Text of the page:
Transition

I got a text message early this morning from my son saying that his fiance’s mother, Leslie, was beginning to transition toward her death.  I hadn’t heard dying referred to in that way before but it made a lot of sense as I thought about it.  There are specific changes that occur as our bodies begin to stop functioning and prepare us to die.  For those who are followers of Christ Jesus, it prepares them for accepting their heavenly bodies and begins the process of ashes to ashes; dust to dust.  Tonight at 10 p.m. she finished her transition and she has now gone home to her heavenly family.

Anticipating his call (admittedly, not quite this soon) that she had died, I’ve thought a lot about how we transition our lives.  For Leslie, she no longer suffers.  She is being welcomed by family and friends who have gone before her and by a heavenly Father who’s love surrounds her in warmth.  She has no more pain, no more worries, no more fear.  Her transition to the purest form of bless possible is now complete.

For her family, they transition to sadness mixed with some relief.  They are relieved her suffering was so brief (she was diagnosed with lung and bone cancer just two months ago) but sad because they cannot have her with them physically anymore.  There will be many adjustments for them to make since my son and his fiance lived with her and her husband.  They will each assume new roles and new responsibilities.  It will be tough on all of them and has been since she got sick but they have also grown and matured so much in the last few weeks.  I am so proud of both my son and his fiance in how they have worked together and handled this difficult time.

I also have thought about the transition that occurred in our lives when Lynn was diagnosed with MS; then again when he fell and was left helpless on the floor for several hours till I could come rescue him; and then again when he came home from the hospital so weak and de-conditioned that he could not sit up on his own or do any self-care. We transitioned from being a couple fully involved in our church to a couple who only attend church electronically now.  We used to help others and now we need others to help us.  He used to build and create with his hands and now he must do so with his mind.

Transition implies a gradual change from what was to what is.  After the transition, you’re left with a new reality.  It takes a lot of adjustment and sometimes it’s a struggle. Sometimes it’s a welcome change; other times we go kicking and screaming but in time, if we’re wise, we accept it and move on.  We take a deep breath and move forward taking it one step at a time without looking too far ahead.

Leslie has now transitioned into her new life and her family are transitioning into theirs without her.  I pray for comfort and peace for them all and am thankful for their faith and the knowledge that they are not alone.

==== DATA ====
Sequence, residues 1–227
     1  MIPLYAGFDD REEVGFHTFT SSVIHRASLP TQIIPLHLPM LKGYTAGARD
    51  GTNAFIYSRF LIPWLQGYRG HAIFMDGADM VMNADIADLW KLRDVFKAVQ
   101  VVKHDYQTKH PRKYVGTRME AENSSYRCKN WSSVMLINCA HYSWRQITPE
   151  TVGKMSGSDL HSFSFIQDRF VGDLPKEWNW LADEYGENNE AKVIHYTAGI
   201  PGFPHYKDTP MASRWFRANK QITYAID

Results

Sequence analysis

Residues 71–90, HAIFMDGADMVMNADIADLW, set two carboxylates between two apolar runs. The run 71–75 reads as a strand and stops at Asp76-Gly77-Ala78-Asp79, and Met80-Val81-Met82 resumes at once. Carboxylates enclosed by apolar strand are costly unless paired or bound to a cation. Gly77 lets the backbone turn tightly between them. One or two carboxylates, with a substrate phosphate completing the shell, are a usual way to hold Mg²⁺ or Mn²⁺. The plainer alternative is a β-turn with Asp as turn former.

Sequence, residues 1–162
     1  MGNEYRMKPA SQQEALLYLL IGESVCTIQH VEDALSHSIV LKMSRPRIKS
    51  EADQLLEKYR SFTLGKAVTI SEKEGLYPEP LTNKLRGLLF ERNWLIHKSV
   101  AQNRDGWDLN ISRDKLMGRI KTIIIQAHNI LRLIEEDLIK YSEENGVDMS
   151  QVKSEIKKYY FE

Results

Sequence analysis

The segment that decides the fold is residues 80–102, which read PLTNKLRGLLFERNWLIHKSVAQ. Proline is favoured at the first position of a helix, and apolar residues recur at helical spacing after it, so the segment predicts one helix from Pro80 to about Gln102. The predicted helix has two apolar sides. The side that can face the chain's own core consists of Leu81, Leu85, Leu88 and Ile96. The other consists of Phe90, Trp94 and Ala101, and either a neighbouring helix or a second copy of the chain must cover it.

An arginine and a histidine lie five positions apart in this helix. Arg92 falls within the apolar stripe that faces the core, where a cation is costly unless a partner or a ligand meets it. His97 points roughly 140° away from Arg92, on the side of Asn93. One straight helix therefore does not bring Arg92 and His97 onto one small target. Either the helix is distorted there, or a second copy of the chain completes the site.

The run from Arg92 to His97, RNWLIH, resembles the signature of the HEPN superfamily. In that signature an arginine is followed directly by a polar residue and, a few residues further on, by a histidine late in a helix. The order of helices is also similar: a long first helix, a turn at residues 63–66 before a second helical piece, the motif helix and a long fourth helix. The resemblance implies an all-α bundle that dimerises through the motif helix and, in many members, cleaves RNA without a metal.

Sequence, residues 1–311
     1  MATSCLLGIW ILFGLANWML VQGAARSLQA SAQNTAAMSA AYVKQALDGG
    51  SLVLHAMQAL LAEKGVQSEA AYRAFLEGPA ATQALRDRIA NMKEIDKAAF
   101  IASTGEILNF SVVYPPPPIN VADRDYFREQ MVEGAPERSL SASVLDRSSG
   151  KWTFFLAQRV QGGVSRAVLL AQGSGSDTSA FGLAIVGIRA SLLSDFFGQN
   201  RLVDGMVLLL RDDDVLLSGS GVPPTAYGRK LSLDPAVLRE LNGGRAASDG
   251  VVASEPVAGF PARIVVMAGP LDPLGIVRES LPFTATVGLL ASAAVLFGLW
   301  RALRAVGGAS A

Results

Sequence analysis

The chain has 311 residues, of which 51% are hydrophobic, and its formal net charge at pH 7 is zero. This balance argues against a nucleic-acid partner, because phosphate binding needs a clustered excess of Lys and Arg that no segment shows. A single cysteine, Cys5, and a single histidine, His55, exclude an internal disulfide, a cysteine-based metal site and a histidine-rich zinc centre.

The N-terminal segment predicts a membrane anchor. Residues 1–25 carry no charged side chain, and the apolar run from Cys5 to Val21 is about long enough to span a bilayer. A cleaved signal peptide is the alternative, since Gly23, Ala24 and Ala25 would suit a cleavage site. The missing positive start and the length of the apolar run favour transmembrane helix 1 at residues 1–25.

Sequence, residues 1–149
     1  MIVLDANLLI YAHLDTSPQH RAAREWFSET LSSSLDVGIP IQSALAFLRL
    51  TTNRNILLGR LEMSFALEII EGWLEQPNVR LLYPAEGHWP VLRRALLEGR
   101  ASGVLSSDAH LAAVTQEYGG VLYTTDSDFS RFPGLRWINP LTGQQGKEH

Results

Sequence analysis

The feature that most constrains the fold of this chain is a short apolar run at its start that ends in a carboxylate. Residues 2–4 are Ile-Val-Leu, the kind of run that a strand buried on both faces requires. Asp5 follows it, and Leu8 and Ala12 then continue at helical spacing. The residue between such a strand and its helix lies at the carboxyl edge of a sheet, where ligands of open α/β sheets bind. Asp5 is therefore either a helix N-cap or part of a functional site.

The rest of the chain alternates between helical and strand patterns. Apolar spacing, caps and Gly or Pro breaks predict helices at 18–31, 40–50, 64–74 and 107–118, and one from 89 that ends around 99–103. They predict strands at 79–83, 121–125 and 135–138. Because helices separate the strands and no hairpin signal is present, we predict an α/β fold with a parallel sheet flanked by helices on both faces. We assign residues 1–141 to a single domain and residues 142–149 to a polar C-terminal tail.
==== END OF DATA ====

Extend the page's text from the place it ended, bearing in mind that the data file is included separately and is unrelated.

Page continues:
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About mscaregiverdonna

I am a full-time caregiver for my spouse who has Multiple Sclerosis while I try to work full-time, take care of our home, and handle any number of other functions that used to be shared by the two of us. I'm learning that it's amazing what you can do when you have to and when you have God to send you the resources you need to manage moment by moment.
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3 Responses to Transition

  1. I know firsthand about transitioning from life to death. My husband Bill had been in a nursing home for a month. For the past six years, I’d been caring for him at home because he was partially paralyzed as a result of two strokes. His appetite was decreasing, and he was losing strength.

    On Friday, October 27th, his nurse finally called me to say that he had stopped eating altogether, and it was time to think about end of life care. The next few days were a nightmare. His transition took so long, I think, because I let him see how upset I was about him leaving me, although I kept telling him it was okay to go, that I would be all right. Although staff assured me he was in no pain, it was hard because he was pretty much out of it and couldn’t talk to me.

    By Monday, I was starting to accept the fact that he was leaving. When I came to visit him, I brought my Netbook with me, and after playing my guitar and singing to him and then holding his hand and singing to him some more, I started working on his obituary while I sat by his bed. I think he then realized that I had everything well in hand and it was okay for him to go. He slipped away peacefully sometime in the early hours of Tuesday, October 30th.

  2. Patrick says:

    ‘transition’ oh yeah! a topic that has been on my mind more than I want to think since my lung cancer diagnosis earlier this year. We spouse caregiver’s are suppose to be immortal. The word ‘transition’ seems to usually imply we are the one’s left standing, but what if …

    Caregivingly Yours, Patrick

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